Thanks for the information. I just called up my HVAC guy, he said it could be leaking refrigerant that might requires a part replacement. The refrigerant was actually refilled 3 years ago, so I wonder if it is in facts somewhere is leaking. By the way, the AC guy told me that the cost of the refrigerant for my old unit went up like 10 times. So, I wonder if it still makes sense to replace the parts and refill the expensive refrigerant instead of buying a new AC unit with higher efficiency.....
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Nov 9, 2003
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Grimsby
You can easily check for ice build up on the evaporator coil. Turn on the fan and feel for air coming from your floor vents.

Are you turning the AC on during the heat of the day then setting your thermostat too low causing the machine to run continuously for a long period? If so there is a good chance you will ice up, always bring the temps down gradually.

An AC is designed to cycle on and off allowing any ice to dissipate during the off cycle and before the thermostat calls for more cooling. My wife learned this the hard way many years ago and it took nearly 3 days for the ice to melt.
[OP]
Deal Fanatic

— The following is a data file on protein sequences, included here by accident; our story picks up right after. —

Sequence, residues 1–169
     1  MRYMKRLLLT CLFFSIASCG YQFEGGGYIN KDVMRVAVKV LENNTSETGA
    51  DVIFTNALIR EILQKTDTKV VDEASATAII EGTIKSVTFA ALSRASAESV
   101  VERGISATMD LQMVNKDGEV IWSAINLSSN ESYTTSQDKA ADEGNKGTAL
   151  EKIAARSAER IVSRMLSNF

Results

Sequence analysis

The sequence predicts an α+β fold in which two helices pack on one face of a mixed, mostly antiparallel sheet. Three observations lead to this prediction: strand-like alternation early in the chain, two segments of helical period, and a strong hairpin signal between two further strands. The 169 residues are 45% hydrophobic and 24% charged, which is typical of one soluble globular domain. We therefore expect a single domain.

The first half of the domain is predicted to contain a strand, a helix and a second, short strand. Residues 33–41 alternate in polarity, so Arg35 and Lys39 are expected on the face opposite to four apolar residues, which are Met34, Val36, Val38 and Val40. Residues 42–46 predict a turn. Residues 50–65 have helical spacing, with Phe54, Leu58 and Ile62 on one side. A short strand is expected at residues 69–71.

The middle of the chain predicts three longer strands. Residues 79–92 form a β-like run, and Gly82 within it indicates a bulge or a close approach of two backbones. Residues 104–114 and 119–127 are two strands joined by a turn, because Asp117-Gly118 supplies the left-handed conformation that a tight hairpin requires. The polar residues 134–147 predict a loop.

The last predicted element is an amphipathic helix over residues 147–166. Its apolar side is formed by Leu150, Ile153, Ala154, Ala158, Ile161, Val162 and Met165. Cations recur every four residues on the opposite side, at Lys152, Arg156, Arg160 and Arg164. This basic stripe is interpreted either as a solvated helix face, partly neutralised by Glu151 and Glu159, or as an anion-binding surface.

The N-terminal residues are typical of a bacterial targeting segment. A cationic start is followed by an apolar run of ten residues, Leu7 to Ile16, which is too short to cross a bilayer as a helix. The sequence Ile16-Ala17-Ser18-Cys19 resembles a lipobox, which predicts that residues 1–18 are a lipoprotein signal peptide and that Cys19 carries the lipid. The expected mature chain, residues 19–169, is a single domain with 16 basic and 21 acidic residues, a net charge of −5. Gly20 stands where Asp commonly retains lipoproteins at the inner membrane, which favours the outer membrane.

Jun 7, 2005
9693 posts
1148 upvotes
Owbist wrote: You can easily check for ice build up on the evaporator coil. Turn on the fan and feel for air coming from your floor vents.

Are you turning the AC on during the heat of the day then setting your thermostat too low causing the machine to run continuously for a long period? If so there is a good chance you will ice up, always bring the temps down gradually.

An AC is designed to cycle on and off allowing any ice to dissipate during the off cycle and before the thermostat calls for more cooling. My wife learned this the hard way many years ago and it took nearly 3 days for the ice to melt.
We never set the temperature lower than 23 c, and since we are working from home, it is running the whole day with thermostat at 24 c. So, there is no sudden drop of temperature.

Wow, 3 days to melt, your unit must be frozen a lot.... Lot of ice built up on our unit 2 weeks ago, it took several hours to completely melt. The problem is not how long it takes to melt, it is the water that could damage things inside the furnace. I had the c wire adapter installed inside the furnace. I didn't know this flooding could happen, and installed it very close to the bottom of the unit. Thus, the melting water actually damaged the adapter and I had to replace it.
Deal Expert
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Feb 11, 2007
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rdx wrote: Thanks for the information. I just called up my HVAC guy, he said it could be leaking refrigerant that might requires a part replacement. The refrigerant was actually refilled 3 years ago, so I wonder if it is in facts somewhere is leaking. By the way, the AC guy told me that the cost of the refrigerant for my old unit went up like 10 times. So, I wonder if it still makes sense to replace the parts and refill the expensive refrigerant instead of buying a new AC unit with higher efficiency.....
If you had to have it filled, then it 100% has a leak, unless you had the leak fixed and it will keep leaking out.

Get a quote to find and repair the leak, and get a few quotes for a new unit. Doubt it will be more efficient unless you pony up for one with a high SEER rating.